This is the latest of the series set in the lovely village of Kurland St. Mary Catherine Lloyd writes as Jane Austen might if she had decided to turn her hand to mysteries.
The story starts out with the annual village fair, while plans for Lucy Harrington’s forthcoming marriage to Sir Robert Kurland are underway. But first, Sir Robert gets his first taste at being a judge of the local produce for the year. He duly inspects the entries and picks the most attractive in each category. He doesn’t expect the flurry of dissent that meets his choices. It seems that he has picked the local verger, Mr. Ezekiel Thurrock, as first in many categories, thus making him getting more first prizes than any other contestant in the last twenty or so years.
While the village is stirred up about this latest happening, Ezekiel’s brother Nathaniel also arrives to visit. Before long, Sir Robert and Lucy discover that the Thurrocks are not well liked in the village. That is made very plain when Ezekiel is found dead, having been struck in the head by a stone gargoyle. At first considered an accident, as Lucy and Sir Robert get further into this it looks less and less like an accident.
Added to the drama is the presence of the Turner sisters, known as healers and wise women. Ezekiel is found to have an ill-wishing charm on him, and the Turners are under closer scrutiny. When Nathaniel Thurrock is found dead of an apparent heart attack not longer after is brother’s death, the plot thickens considerably.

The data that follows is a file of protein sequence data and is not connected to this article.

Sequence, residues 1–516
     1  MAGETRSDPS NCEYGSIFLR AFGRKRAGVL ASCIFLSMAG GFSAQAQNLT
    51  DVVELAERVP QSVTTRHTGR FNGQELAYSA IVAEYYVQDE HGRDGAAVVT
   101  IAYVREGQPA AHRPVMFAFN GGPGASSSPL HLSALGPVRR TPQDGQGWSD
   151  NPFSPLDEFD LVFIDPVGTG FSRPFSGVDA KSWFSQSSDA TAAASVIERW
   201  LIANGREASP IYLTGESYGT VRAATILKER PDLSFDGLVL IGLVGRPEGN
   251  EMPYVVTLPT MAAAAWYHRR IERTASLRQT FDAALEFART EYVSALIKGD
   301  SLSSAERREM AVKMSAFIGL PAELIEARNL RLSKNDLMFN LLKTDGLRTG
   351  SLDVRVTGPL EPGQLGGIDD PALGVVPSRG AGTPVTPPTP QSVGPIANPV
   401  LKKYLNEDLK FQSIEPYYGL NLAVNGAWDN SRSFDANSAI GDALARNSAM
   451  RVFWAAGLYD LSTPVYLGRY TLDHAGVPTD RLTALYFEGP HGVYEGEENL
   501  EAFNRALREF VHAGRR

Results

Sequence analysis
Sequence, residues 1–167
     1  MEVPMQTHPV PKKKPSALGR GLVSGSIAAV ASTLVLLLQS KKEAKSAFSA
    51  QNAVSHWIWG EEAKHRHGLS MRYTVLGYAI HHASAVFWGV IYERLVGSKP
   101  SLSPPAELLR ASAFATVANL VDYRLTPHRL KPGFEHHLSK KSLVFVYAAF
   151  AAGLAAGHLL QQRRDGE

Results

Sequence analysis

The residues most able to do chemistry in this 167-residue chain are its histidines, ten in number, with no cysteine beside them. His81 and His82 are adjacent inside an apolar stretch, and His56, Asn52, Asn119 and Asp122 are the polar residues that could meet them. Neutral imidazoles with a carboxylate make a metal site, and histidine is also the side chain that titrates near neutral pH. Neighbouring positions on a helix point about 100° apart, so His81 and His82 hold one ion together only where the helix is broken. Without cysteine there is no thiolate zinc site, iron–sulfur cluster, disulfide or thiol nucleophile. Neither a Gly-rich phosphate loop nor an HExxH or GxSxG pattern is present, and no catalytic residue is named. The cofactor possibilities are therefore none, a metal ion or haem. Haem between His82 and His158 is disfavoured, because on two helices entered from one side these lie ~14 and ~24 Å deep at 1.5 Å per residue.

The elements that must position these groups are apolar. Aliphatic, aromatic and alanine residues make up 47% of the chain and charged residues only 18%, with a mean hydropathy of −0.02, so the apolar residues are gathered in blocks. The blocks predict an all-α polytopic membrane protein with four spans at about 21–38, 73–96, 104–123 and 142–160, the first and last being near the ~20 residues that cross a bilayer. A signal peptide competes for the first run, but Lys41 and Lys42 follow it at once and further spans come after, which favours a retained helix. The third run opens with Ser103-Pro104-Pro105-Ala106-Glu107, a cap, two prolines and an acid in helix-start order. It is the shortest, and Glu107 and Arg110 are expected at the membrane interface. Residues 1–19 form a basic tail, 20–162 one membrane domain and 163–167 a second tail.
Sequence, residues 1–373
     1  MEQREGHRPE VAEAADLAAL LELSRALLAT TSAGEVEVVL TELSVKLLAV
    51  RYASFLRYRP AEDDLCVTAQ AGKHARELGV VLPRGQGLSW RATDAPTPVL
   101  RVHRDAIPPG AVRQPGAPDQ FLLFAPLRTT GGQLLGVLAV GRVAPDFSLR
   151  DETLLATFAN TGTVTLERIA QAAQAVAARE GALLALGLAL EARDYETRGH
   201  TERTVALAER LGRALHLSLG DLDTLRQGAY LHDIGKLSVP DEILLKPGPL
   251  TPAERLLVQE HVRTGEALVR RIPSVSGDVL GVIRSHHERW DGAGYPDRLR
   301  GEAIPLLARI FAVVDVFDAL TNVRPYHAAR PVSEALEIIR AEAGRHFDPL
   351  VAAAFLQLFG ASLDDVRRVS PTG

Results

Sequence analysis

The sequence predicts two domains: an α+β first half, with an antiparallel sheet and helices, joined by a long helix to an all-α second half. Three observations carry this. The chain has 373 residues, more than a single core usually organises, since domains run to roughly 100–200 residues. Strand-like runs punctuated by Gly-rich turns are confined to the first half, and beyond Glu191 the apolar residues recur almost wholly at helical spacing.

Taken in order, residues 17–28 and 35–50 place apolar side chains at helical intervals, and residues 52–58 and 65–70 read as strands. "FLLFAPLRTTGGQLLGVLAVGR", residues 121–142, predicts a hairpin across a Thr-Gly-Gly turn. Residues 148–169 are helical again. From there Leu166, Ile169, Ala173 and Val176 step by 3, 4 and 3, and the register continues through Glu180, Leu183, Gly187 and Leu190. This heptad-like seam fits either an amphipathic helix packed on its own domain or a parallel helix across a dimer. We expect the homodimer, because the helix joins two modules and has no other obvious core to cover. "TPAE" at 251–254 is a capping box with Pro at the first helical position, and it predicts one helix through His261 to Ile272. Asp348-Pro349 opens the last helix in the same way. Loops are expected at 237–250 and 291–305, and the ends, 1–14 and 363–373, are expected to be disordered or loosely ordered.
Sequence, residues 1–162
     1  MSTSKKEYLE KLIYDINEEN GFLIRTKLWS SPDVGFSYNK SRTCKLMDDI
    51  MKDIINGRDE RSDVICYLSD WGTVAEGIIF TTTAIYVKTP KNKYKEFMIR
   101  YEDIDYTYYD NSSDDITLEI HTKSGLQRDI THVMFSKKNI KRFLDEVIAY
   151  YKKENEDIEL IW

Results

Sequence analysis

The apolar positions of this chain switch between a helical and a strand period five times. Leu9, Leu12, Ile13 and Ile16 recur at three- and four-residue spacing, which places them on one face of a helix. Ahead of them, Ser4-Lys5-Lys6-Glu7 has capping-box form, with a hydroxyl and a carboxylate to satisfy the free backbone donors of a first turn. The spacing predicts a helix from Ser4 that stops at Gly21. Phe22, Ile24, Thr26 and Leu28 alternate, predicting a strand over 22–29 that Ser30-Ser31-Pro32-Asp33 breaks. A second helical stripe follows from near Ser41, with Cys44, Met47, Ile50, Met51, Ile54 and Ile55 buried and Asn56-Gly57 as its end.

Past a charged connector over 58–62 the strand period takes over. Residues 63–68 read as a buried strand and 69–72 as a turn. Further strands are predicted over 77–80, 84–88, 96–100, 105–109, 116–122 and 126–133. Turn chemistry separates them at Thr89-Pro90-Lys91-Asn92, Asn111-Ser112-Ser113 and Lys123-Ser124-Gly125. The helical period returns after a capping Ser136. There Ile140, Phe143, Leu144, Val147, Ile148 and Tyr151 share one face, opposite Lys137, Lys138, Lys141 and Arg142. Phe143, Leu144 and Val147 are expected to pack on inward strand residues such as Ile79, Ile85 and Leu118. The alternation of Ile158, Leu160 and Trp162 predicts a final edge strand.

This is a well-constructed story that takes us into the realm of past history, past wrongs never avenged, suggestions of witchcraft. While Lucy and Sir Robert get caught up in these events, Lucy also has to answer to her father’s displeasure for unseemly conduct of an unmarried woman.
Has some two-century-old curse come to pass? Or is there some more recent explanation for the deaths of the two Thurrocks? And are Lucy and Sir Robert going to be able to go forward with their wedding? Answering these questions makes for an absorbing read that is most satisfying and clever in its plot and characterizations.
My thanks to author, publisher, and NetGalley for making an advance copy available for me to read and review.